In short, we unloaded our bikes and spent all day manually carrying our gear up sections then wrestling our bikes through the section. It was over 90F all day and mosquitoes were thick. We would get past a section and assume it would level out after that, then we'd round the corner and see there was more. We were idiots and finally figured out late in the day that the unmaintained, steep part of the road goes on for nearly two miles, climbing almost 2000ft over that distance. It is seriously steep and very technical. We only made 1.6 miles of progress all day and ended up camping next to the road.

    The next day we were so sore and exhausted we could barely ride and we still had some extremely challenging terrain to cross. We made the call to hike the ~14 miles out to La Porte for help. On the hike the road was littered with remnants of other poor souls: sheared Jeep hubs, snapped winch cables still around trees, chunks from side-by-side and ATV undercarriages, dirt bike kickstands and chain links, snapped suspension linkages, etc. We saw firepits in places you wouldn't camp unless you were stuck and found desperate messages scrawled on logs and trees, such as "Rich, couldn't find you, going home. Hope you are OK." We had no cell service with Verizon, T-Mobile, or Sprint, and we heard nobody while scanning or broadcasting on two-way radios. We saw absolutely nobody. It's seriously rugged and remote in there.

    We went about five miles before we ran into a trio of gold miners who helped us get out. One of them was an ex-enduro racer and had the skill and strength to ride both bikes out for us. He said it was a serious struggle in multiple places. They had a heavily built Jeep that carried us and our gear out. Nicest guys in the world.

    While helping us they told us stories of other poor saps who had also gotten in over their heads and had been rescued by them and others, most in stock 4x4s. They told us stories of experienced buddies in built 4x4s getting stuck/stranded on that road for various reasons or rolling ATVs trying to climb out. They said the road gets worse every year after spring runoff and this year had made it practically impassible after the extremely heavy snowfall during the winter.

    I always try to scout our rides beforehand by reading ride reports and looking for youtube videos. Usually I have a good idea of conditions and the challenging sections. Even though I did that here, Poker Flat caught us totally off guard. Once there, we made some bad calls and learned some hard lessons. When we started descending terrain I knew would be a struggle to get up, we should have stopped and gone back. Once we got to Poker Flat, we should have scoped the road to La Porte better/further to know what we were up against, and I should have been more willing to backtrack to Downieville (still a very challenging ascent) to avoid it. Hopefully this post helps someone else avoid the same mistakes.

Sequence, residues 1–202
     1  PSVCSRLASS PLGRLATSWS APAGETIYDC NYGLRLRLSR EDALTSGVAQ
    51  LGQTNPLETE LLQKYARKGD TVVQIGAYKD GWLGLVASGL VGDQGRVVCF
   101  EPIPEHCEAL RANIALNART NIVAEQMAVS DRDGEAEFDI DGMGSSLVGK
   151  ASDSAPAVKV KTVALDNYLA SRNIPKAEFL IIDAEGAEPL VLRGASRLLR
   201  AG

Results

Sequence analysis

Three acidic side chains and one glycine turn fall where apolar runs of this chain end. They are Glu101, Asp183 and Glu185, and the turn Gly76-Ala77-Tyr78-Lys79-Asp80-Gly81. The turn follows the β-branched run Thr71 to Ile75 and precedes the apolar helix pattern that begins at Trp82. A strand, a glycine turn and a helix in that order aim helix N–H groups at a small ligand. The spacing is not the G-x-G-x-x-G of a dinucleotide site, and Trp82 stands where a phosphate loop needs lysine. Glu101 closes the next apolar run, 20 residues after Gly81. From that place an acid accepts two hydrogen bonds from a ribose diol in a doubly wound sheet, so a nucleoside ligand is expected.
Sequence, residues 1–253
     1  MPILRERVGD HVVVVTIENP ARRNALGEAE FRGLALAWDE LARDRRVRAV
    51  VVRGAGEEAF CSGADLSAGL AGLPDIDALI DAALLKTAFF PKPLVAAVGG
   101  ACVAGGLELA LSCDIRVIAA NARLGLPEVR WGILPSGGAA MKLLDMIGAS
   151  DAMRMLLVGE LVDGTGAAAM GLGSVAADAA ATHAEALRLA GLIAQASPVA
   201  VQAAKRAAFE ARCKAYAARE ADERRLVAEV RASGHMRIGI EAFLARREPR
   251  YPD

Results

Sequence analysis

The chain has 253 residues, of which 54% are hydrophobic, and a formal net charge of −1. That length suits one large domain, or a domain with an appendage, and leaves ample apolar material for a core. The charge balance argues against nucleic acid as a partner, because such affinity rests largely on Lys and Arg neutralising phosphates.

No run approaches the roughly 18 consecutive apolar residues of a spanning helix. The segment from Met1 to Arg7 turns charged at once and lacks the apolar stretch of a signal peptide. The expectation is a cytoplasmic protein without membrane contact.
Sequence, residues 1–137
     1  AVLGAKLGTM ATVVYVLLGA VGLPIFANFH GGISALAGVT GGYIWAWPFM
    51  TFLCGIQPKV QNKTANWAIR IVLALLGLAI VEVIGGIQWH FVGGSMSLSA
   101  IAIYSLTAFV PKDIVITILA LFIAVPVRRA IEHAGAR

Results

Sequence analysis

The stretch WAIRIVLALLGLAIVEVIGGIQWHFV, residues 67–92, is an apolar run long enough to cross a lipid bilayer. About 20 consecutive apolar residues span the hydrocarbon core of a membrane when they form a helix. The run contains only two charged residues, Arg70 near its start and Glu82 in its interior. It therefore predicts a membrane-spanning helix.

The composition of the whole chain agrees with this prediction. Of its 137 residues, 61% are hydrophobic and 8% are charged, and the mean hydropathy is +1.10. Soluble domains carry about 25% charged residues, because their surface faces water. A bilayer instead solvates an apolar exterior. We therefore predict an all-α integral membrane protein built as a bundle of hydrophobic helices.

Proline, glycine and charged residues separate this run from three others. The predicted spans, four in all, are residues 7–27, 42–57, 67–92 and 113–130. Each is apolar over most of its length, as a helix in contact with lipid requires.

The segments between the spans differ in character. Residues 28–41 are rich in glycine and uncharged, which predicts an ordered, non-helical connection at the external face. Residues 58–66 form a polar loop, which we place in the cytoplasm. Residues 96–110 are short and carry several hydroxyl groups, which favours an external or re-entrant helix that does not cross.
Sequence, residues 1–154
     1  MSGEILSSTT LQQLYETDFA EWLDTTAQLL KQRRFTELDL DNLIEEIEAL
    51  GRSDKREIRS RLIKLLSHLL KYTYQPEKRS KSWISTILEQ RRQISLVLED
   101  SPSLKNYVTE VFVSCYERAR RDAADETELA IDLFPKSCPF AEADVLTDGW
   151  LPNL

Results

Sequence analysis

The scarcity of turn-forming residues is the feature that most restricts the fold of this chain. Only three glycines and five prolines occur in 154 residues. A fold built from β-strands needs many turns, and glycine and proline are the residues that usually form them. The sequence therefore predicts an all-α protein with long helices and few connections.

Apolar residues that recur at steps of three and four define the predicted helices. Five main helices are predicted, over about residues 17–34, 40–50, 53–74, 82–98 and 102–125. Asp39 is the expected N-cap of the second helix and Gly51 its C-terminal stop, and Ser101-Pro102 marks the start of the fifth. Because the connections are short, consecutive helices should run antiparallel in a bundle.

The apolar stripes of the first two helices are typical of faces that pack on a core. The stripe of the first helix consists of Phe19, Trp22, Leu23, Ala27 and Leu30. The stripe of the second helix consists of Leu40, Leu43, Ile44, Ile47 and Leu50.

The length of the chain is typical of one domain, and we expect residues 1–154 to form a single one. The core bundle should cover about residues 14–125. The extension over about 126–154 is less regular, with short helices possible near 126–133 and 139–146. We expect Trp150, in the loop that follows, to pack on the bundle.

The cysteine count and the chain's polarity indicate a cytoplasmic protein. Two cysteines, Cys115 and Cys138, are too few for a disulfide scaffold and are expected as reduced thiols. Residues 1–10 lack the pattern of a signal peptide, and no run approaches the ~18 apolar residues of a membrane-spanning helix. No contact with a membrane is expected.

#10
  11. Smackit

    Smackit Life Is Good Supporter

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    As far as I know (hoping I'm wrong), the only place to cross Canyon Creek is at Poker Flat. I've never been able to find a way between the North end of New Bullards Bar Reservoir and South of Poker Flat. There are several roads that show up on Garmin Topo and the OSM maps, but I can't see anywhere to get across the river other than Poker Flat.

    The climbs going in and out of Poker Flat are pretty insane. Once you get down to the river, it can be hell climbing out. I've only done it twice, the last time was a week ago in October 2019. Both times I've done it, I've been traveling from the east going west, (Poker to Howland). I was on my 2007 WR450 with a Rekluse clutch, it's one of those times the Rekluse really does make the difference. The trail is very rocky with no good lines, you have to keep momentum above 7-10mph, or it's all over. I would never do it on my KTM1190, but I'm sure someone like Chris Birch would find it fun.
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  12. Panders

    Panders Been here awhile

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    According to the gold miners and the forest service person we spoke with who was stationed at Saddleback Lookout, Poker Flat is definitely the only way to cross Canyon Creek. The only other way is to go back to highway 49 at Downieville, head West to Quincy La Porte Rd, and take it to La Porte. That's 1.5hrs of highway.
    #12
  13. Smackit

    Smackit Life Is Good Supporter

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    Thanks @Panders , I talked to the guy up at Saddleback Lookout the same day I did Poker Flat a couple weeks ago. Nice guy, did he show you the big fancy map he can pull down from the ceiling? Browsing CalTopo and Google Earth leads to wishful thinking, wish there was a better way. Further complicating things is the lack of gas in Downieville, it's the main reason I ended up doing Poker Flat that day.
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  14. Bandy#214

    Bandy#214 n00b

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    Anyone have any info on when this trail is typically ridable? I’m not real knowledgeable about where the snow line sits in that area, but would imagine most, if not all of the trail is under a layer of white stuff.
    #14
  15. bar-low

    bar-low ''son of the wind''

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  16. gladiatorsgi

    gladiatorsgi Adventurer

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    3 of us rode this trail on 500/501s from Downieville headed north to Poker Flats, and made an exploration turn, ending up on Rattlesnake Trail. I can confirm this section is crazy hard and at the same time super rewarding. I would not do it solo. We rode lite with lots of water, it did get up to 90 degrees with some snow still at higher elevations. We made a small video. The rattlesnake trails start around 8 min mark.

    #16
  17. Smackit

    Smackit Life Is Good Supporter

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    Awesome video, thanks for sharing. When was this taken?
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  18. gladiatorsgi

    gladiatorsgi Adventurer

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    2019, July 6th
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  19. Panders

    Panders Been here awhile

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    Found some 4x4 guys posted videos of the first (of several) gnarly climb section out of Poker Flat:




    Relevant because they are after the really bad snowfall/runoff from the 2018/2019 winter before so they show the state of the road. Hard to see how steep it is in the video, though.
    #19
  20. Panders

    Panders Been here awhile

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    Apparently 2019 was the year for 4x4s to do Poker Flats and record it. Here's another; gnarly climb starts at 9:10:

    This is probably the best to show the terrain.
    #20